Loneliness, cumulative inequality and social capital in later life: two stories

Robert Hagan, Roger Manktelow, Brian Taylor

Research output: Contribution to journalArticlepeer-review

3 Citations (Scopus)
115 Downloads (Pure)


The potential impact of cumulative inequality upon loneliness in later life is under-researched. This study applies Ferraro and Shippee’s axioms of cumulative inequality to the narratives of two Northern Irish older women, who completed semi-structured diary entries over a 16-week period, recording and reflecting on their social lives and their personal histories. The two women were subsequently interviewed on the basis of what they had recorded. These stories reveal how the life trajectories of these two individuals are influenced by the different experiential impact of bonding and bridging social capital. Despite similar life experiences, significant and substantial differences emerged in the women’s stories, relating to work life, social class, the restrictions of a caring role, and physical and mental health. These two narratives not only provide evidence of the impact of cumulative inequality on loneliness but also highlight the lifetime impact of socio-economic status and access to capital affecting older women’s vulnerability to loneliness.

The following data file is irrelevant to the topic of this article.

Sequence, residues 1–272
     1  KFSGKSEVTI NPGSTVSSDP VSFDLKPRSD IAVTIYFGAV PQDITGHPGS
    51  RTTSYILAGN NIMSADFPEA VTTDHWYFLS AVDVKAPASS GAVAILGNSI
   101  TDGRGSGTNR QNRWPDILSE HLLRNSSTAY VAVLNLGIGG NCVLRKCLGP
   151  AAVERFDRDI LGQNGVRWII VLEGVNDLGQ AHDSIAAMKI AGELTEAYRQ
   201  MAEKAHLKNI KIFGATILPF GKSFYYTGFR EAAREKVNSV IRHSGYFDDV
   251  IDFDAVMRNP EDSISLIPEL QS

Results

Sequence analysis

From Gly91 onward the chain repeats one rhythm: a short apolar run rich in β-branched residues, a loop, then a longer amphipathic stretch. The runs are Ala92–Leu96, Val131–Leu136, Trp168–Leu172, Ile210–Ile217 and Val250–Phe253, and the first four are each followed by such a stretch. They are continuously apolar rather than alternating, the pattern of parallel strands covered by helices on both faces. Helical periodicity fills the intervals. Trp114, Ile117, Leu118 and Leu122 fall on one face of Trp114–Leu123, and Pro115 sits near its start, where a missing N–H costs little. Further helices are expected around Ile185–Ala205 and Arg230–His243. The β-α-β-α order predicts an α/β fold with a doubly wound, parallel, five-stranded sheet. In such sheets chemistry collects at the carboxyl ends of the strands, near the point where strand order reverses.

Original languageEnglish
Pages (from-to)192-217
Number of pages26
JournalIrish Journal of Sociology
Issue number2
Early online date2 Mar 2020
Publication statusPublished (in print/issue) - 1 Aug 2020


  • Loneliness
  • Cumulative inequality
  • Social capital
  • Life course review
  • Narrative enquiry
  • Diaries


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